President Biden proposed $100 billion in his infrastructure plan to make high-speed internet available throughout America, but industry officials, including one with a connection to the Association, said during a congressional hearing recently that the price tag could be $50 billion more than what’s proposed.
Johnny Park, chief executive of the Indiana-based Wabash Heartland Innovation Network, or WHIN, told lawmakers he expects it to cost up to $150 billion to fill the gaps in internet coverage in rural America.
Todd Miller from member company Myers Spring serves on the Board of Directors for WHIN. The group recently completed a successful test flight with a tethered 80-foot-long balloon, known as an aerostat. The balloon provides a link between scattered households and broadband providers in the network’s 10-county region.
Park testified that in WHIN’s pursuit to build a regional ecosystem in Indiana to attract globally competitive businesses, it has adopted as its principal strategy the acceleration of digital technology, especially digital agriculture and smart manufacturing.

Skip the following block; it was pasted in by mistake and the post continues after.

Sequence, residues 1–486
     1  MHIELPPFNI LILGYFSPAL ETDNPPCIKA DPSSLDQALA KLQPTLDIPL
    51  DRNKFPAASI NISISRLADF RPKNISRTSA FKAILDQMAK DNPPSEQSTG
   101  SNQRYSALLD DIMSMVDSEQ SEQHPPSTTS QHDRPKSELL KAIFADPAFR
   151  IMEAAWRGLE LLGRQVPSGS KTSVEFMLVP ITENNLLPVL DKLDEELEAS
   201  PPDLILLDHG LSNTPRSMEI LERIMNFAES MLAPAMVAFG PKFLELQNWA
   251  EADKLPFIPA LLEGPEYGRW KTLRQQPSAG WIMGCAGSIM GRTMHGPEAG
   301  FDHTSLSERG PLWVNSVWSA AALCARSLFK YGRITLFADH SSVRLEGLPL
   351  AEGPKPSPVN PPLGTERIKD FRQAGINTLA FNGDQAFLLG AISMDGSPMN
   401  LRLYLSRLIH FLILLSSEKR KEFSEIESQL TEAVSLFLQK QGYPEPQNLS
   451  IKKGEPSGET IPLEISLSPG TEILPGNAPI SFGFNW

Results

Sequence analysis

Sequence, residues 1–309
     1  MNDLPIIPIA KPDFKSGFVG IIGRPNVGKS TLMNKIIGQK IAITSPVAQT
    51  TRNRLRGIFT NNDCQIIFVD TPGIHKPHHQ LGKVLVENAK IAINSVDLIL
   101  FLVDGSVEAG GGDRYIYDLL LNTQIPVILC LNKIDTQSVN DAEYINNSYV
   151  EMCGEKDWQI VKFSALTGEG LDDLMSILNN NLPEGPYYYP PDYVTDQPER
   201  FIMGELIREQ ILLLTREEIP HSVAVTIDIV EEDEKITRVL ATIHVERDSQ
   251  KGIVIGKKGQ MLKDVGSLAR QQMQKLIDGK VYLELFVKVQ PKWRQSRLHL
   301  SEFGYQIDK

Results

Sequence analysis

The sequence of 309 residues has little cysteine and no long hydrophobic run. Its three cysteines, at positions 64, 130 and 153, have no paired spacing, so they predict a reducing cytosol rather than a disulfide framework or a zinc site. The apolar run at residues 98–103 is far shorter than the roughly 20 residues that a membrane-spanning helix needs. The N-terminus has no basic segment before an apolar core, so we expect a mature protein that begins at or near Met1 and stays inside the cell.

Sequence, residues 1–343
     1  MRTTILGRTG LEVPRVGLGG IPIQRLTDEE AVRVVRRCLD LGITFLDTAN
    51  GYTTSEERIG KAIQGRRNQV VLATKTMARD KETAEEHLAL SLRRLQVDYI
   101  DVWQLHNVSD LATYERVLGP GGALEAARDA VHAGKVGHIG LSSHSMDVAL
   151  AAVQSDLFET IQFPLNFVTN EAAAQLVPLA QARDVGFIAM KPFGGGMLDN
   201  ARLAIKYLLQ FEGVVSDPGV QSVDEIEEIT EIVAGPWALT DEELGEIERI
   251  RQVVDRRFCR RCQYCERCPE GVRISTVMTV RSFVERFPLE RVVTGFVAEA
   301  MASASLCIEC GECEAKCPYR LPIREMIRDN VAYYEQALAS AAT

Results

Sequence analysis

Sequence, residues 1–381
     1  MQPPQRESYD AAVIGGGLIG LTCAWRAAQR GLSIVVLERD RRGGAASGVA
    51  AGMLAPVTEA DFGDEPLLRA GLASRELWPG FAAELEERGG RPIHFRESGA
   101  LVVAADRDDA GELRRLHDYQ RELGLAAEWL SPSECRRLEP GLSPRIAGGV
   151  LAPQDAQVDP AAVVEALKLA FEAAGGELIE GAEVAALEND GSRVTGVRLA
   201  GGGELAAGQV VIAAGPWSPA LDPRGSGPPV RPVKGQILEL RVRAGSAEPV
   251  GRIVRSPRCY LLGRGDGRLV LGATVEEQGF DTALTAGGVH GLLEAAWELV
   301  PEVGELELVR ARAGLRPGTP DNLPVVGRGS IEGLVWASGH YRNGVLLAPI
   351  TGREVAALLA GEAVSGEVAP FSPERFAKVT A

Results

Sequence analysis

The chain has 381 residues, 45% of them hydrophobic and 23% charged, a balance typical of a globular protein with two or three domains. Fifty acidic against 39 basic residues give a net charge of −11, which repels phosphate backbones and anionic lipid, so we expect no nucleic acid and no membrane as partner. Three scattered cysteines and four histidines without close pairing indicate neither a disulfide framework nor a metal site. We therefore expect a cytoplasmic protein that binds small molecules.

Park, Miller, and others with WHIN are fostering development of a living laboratory for IoT, or the Internet of Things, introducing technologies on farms and in manufacturing plants to drive innovation. The effort has led to the adoption of new technologies in both industries.
“But the spotty and inconsistent connectivity in our rural region was hindering our efforts,” Park said, “not to mention limiting all kinds of economic development and quality of life as we all know.”
That led the organization to launch aerostat.
The balloon is approved by the Federal Aviation Administration to fly 1,500 feet from a farm field in White County, Ind. It is tethered with fiber connection, and it has a payload capacity of 200 pounds that allows it to carry multiple wireless communication devices.
Park said he expects the aerostat to have a 50-mile radius of coverage suitable for IoT sensor connectivity and a 10- to 15-mile radius to provide high-speed broadband.
Park offered to share what WHIN has learned to help other rural regions in the U.S. more quickly and efficiently close the digital divide.